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TitleGeochemistry of groundwater in the Saint-Édouard area, Quebec, Canada, and its influence on the distribution of methane in shallow aquifers
AuthorBordeleau, G; Rivard, C; Lavoie, D; Lefebvre, R; Malet, X; Ladeveze, P
SourceApplied Geochemistry vol. 89, 2018 p. 92-108, https://doi.org/10.1016/j.apgeochem.2017.11.012
Year2018
Alt SeriesEarth Sciences Sector, Contribution Series 20160356
PublisherElsevier
Documentserial
Lang.English
Mediapaper; on-line; digital
File formatpdf
ProvinceQuebec
NTS21L/12
AreaSaint-Édouard
Lat/Long WENS -71.5000 -71.0000 46.7500 46.5000
Subjectsenvironmental geology; geochemistry; hydrogeology; groundwater; methane; oil shales; shales; environmental impacts; environmental controls; hydrologic environment; hydrocarbons; groundwater pollution; groundwater surveys; groundwater geochemistry; brine wells; Ultica shale; formation brine
Illustrationslocation maps; graphs; plots; schematic diagrams
ProgramShale Gas - groundwater, Environmental Geoscience
AbstractShale gas and tight oil production has undergone a tremendous increase in the last decade in North America, which was accompanied by animated scientific debate and local public uproar concerning environmental issues, especially the risks of contamination for shallow groundwater resources. In Quebec (eastern Canada), public concerns led to a de facto fracking moratorium in 2010 for the St. Lawrence Lowlands, where the underlying Utica Shale is known to contain significant gas resources. As only a few exploration gas wells have been drilled, this area may still be considered ¿virgin¿ with respect to exploitation. In 2012, a 4-year project was initiated by the Geological Survey of Canada, which aimed at characterizing aquifer vulnerability to deep industrial activities in the St-Édouard region, located close to Quebec City in the St Lawrence Lowlands. As part of this project, a baseline study of hydrocarbons and other geochemical parameters was conducted in shallow aquifers. This paper presents groundwater geochemical characteristics in the region and assesses the geological, hydrogeological and geochemical controls on methane distribution.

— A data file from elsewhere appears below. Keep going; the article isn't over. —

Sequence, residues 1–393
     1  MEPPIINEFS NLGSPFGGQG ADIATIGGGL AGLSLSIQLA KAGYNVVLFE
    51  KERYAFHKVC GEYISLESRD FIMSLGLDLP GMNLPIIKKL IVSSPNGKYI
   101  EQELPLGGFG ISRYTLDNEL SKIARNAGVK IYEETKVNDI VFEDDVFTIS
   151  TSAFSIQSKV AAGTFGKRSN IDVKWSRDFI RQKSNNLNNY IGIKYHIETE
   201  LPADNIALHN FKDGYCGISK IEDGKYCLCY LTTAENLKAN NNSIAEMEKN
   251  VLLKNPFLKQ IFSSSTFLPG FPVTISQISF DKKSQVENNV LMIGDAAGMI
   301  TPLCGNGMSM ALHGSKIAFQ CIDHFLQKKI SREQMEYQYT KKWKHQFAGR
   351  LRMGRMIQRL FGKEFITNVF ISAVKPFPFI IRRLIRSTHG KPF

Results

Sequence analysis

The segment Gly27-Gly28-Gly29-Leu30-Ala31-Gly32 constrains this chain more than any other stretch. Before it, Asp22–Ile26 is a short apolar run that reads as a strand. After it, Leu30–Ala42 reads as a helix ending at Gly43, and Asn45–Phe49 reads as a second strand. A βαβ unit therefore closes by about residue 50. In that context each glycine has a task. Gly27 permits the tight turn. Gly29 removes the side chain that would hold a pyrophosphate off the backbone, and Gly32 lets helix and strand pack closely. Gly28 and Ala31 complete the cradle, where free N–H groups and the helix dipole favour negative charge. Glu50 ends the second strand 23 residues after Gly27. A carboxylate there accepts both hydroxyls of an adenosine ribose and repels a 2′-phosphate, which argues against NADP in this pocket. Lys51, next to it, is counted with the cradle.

Results show that methane is present in 96% of the 48 sampling points over the 500 km2 study area, and that concentrations are highly variable (from 0.006 mg/L to above 80 mg/L), sometimes over short distances and through time. Methane concentrations appear to be related to specific hydrogeochemical conditions, such as those found below the active groundwater flow zone (0-30 m), where relatively old, chemically evolved water is found under semi-confined to confined conditions. Two main fault zones are well documented in the area, and there is clear evidence that some deep formation brines, in addition to marine water originating from the Champlain Sea, are migrating into shallow aquifers in the vicinity of the Jacques-Cartier River fault in the northern part of the study area. This salty groundwater contribution is attributed to the regional groundwater flow coming from the Appalachians and discharging along this normal fault zone close to the St. Lawrence River. The depth from which the brine originates is, however, unknown, There is no indication that deep thermogenic gas from the Utica Shale is currently reaching the surface, through this pathway or elsewhere in this region.
Summary(Plain Language Summary, not published)
In 2012, a 4-year multidisciplinary project was initiated by the Geological Survey of Canada, which aimed at characterizing the vulnerability of groundwater resources to deep industrial shale gas activities in the St-Édouard region, located close to Quebec City in the St Lawrence Lowlands. This paper presents the natural shallow groundwater geochemistry and the distribution of methane in this area. Results show that methane is ubiquitous in the region, and that its presence is mostly related to specific aquifer conditions such as long water residence times and absence of oxygen. While there is evidence that small amounts of deep formation brines migrate into shallow aquifers near the Jacques-Cartier River fault, there is no indication that deep thermogenic gas from the Utica Shale is currently reaching the surface through this fault zone or elsewhere in this region.
GEOSCAN ID299723